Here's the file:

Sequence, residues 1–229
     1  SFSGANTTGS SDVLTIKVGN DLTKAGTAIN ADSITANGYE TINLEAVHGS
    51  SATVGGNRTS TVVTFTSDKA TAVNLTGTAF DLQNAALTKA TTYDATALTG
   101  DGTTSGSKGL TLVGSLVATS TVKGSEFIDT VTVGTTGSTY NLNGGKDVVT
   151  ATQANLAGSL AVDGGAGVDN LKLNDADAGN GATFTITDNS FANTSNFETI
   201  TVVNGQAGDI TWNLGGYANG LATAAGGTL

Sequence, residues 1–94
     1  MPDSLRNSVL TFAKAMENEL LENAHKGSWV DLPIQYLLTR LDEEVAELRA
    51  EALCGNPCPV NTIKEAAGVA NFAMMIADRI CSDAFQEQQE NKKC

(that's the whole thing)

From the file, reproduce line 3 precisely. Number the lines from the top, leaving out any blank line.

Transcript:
    51  SATVGGNRTS TVVTFTSDKA TAVNLTGTAF DLQNAALTKA TTYDATALTG